In a Wednesdays at the Center virtual event, multimedia artist and grassroots educator Alison Kysia shares a socially engaged art project she created called 99 Clay Vessels: The Muslim Women Storytelling Project. After a prolonged experience of anti-Muslim bigotry, she created a series of 99 pinch pots that represent the 99 names of God in Islam, symbolizing the diversity of all encapsulated in the One. This multimedia art and storytelling project centers stories of Muslim women healing from experiences of bigotry during 9/11 era. The stories are accompanied by visual art, vocal recitation, and poetry, culminating in a website which serves as an online art exhibition, healing resource, publicly accessible learning tool, and historical archive. As we commemorate the twentieth anniversary of 9/11 in September, this project asks us to rethink the call to Never Forget by expanding the possibility of what we choose to remember.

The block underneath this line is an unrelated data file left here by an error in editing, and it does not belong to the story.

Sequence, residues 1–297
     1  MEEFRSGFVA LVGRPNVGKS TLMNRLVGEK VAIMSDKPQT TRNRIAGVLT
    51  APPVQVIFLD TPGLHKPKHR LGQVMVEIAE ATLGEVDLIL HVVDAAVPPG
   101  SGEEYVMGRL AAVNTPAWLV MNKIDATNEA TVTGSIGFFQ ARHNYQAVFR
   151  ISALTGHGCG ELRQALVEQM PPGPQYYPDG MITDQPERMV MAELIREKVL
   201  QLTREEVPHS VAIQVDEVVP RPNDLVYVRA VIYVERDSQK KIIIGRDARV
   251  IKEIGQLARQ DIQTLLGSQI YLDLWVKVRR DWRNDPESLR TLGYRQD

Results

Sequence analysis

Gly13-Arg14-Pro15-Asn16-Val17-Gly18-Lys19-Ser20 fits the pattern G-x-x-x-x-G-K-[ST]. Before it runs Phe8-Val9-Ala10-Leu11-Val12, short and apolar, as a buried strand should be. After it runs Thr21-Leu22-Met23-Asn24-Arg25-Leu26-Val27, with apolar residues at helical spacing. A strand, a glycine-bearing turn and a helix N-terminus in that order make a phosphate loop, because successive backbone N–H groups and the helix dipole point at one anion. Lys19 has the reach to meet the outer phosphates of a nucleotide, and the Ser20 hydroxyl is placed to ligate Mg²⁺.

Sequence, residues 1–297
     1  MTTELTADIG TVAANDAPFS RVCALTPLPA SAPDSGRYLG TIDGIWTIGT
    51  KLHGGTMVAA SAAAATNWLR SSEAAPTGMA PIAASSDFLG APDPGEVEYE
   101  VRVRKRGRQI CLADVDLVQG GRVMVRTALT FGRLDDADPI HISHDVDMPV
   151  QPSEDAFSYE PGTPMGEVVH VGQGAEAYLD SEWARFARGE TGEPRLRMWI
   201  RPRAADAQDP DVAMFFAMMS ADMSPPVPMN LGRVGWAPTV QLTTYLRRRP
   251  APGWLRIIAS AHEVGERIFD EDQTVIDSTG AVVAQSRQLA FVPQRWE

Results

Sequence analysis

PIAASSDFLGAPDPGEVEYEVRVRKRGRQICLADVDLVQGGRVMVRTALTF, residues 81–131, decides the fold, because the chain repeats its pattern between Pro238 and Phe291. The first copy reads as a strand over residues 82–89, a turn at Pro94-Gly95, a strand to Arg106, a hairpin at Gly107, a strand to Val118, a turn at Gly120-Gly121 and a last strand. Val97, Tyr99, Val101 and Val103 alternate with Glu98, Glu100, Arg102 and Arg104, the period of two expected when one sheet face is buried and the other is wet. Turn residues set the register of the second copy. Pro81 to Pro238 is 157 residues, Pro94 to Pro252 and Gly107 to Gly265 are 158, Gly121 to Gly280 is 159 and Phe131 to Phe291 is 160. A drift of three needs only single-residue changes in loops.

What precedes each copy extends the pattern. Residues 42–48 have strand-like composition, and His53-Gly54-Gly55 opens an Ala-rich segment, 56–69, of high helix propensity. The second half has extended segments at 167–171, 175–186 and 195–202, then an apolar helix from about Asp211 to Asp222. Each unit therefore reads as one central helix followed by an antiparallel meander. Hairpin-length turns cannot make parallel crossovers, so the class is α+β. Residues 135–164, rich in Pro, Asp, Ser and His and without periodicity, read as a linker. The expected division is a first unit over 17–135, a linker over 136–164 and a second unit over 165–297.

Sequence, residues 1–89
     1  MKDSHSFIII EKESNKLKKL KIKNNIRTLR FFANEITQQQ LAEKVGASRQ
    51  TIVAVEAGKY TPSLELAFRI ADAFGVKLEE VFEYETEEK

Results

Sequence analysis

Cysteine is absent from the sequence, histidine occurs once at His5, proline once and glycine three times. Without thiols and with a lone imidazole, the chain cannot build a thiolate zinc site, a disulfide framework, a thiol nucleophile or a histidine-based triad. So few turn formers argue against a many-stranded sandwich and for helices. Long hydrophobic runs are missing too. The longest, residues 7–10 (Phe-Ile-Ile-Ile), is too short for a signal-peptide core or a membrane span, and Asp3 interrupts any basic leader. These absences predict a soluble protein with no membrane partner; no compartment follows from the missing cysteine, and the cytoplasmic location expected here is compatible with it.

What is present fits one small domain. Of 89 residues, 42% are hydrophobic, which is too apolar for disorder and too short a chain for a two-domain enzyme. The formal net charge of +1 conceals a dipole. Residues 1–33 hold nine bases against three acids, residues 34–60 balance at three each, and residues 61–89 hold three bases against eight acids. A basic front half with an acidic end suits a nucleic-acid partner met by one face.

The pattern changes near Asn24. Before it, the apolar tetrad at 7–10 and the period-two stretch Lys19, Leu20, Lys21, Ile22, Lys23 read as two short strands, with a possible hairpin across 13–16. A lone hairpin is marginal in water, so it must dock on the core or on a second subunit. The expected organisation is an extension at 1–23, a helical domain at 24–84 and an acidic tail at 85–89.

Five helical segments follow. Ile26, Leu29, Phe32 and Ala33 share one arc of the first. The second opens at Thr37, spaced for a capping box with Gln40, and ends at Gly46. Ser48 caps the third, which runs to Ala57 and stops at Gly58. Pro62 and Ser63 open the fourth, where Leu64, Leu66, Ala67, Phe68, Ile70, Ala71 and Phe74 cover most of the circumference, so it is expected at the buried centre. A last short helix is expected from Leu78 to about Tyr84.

Alison Kysia is a multimedia artist whose work centers Muslims, Islam, and Islamophobia. As a resident artist at Red Dirt Studio in Mt. Rainier, Maryland, she is creating a series of artwork about the impacts of the 9/11 era on Muslims and other targeted communities.
This event is sponsored by the John Hope Franklin Center, the Duke University Center for International and Global Studies, and the Duke Islamic Studies Center. If you require closed captioning for this event, please contact Meredith Watkins (email@example.com).